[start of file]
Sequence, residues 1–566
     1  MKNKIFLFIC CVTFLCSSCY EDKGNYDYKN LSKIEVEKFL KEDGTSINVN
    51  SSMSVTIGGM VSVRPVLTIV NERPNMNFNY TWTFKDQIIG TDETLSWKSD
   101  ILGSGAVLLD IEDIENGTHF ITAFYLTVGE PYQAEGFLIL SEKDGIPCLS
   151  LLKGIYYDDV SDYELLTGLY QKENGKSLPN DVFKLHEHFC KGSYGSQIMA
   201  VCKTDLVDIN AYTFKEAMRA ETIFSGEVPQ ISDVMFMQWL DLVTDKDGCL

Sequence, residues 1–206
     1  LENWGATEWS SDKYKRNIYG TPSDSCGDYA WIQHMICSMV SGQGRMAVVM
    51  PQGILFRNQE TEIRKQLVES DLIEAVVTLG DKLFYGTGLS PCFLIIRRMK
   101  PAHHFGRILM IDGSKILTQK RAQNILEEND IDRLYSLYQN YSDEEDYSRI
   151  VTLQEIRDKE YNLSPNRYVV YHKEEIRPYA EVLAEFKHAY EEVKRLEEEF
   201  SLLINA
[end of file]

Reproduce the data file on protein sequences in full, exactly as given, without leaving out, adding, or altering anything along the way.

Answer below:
Sequence, residues 1–566
     1  MKNKIFLFIC CVTFLCSSCY EDKGNYDYKN LSKIEVEKFL KEDGTSINVN
    51  SSMSVTIGGM VSVRPVLTIV NERPNMNFNY TWTFKDQIIG TDETLSWKSD
   101  ILGSGAVLLD IEDIENGTHF ITAFYLTVGE PYQAEGFLIL SEKDGIPCLS
   151  LLKGIYYDDV SDYELLTGLY QKENGKSLPN DVFKLHEHFC KGSYGSQIMA
   201  VCKTDLVDIN AYTFKEAMRA ETIFSGEVPQ ISDVMFMQWL DLVTDKDGCL

Sequence, residues 1–206
     1  LENWGATEWS SDKYKRNIYG TPSDSCGDYA WIQHMICSMV SGQGRMAVVM
    51  PQGILFRNQE TEIRKQLVES DLIEAVVTLG DKLFYGTGLS PCFLIIRRMK
   101  PAHHFGRILM IDGSKILTQK RAQNILEEND IDRLYSLYQN YSDEEDYSRI
   151  VTLQEIRDKE YNLSPNRYVV YHKEEIRPYA EVLAEFKHAY EEVKRLEEEF
   201  SLLINA